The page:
• All you have to do is hook a stepper motor to a cam and position the cam against the trigger of a spray bottle filled with water, and viola, and point it at your CPU and voila, you've got microfluidic cooling. Your CPU fan will naturally direct the droplets to the heat sink. You should also tie the stepper motor to your cpu temperature sensor so that it can alter the squirt rate for higher demand times.

    • by lhowaf ( 3348065 )
      Your CPU fan may be installed upside-down.
      • by Shatrat ( 855151 )

        CPU fans always blow down onto the heat sink. Mounting them the other way allows a hot spot to form in the center as the fan tends to just pull air from around the heat sink instead of through it.

        • CPU fans always blow down onto the heat sink. Mounting them the other way allows a hot spot to form in the center as the fan tends to just pull air from around the heat sink instead of through it.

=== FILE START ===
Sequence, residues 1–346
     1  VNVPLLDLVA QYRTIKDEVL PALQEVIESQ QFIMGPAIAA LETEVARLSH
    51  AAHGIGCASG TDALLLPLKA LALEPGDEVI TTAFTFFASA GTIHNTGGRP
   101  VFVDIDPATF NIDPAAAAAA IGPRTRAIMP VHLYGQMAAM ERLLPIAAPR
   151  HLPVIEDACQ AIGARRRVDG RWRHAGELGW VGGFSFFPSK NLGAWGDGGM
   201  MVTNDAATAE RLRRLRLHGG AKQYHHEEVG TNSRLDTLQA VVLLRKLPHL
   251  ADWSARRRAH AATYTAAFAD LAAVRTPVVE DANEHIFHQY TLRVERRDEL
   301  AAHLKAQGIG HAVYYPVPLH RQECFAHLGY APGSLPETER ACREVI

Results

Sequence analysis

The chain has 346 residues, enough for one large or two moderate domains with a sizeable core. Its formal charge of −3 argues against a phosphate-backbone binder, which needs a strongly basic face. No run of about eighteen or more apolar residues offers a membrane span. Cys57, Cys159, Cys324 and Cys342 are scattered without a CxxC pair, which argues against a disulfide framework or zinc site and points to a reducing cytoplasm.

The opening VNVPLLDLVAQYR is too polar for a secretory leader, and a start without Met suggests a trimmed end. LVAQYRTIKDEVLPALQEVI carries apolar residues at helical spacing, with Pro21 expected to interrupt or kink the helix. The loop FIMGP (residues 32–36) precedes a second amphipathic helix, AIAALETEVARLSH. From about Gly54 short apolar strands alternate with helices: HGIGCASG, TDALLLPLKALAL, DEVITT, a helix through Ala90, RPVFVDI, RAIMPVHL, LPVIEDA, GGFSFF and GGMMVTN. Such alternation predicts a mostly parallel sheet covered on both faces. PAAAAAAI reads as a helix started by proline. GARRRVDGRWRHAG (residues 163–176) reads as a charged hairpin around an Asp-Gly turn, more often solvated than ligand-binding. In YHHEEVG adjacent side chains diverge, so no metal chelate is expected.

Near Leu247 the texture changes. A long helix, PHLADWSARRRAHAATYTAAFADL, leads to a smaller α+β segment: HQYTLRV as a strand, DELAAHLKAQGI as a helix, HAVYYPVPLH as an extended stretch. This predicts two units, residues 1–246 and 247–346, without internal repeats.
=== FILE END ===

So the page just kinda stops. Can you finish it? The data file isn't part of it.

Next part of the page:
As opposed to the hot spot in the center of the blowing side? There's nothing blowing from the hub of the fan, and of course the highest speeds are on the outer edge. This doesn't yet account for idiotic heatsink designs that don't let air straight through, but instead divert it to the sides, thus leaving a high pressure center.

          I agree with the general point though, it's almost always better to blow onto the heatsink. Try sucking out a candle, as our fluid mechanics professor used to challenge us.

    • In a strap-on water cooler or your spray-bottle suggestion, the heat transfer area between the heat source and water is limited to a flat surface (the minimum possible).

      Microfluidic cooling increases the surface area for heat transfer by running the water through lots of tiny tubes in the heat spreader (metal-to-metal heat transfer generally is a lot faster than metal-to-water heat transfer, so the small surface area of the CPU-to-heat spreader interface isn't limiting). The surface area for heat transf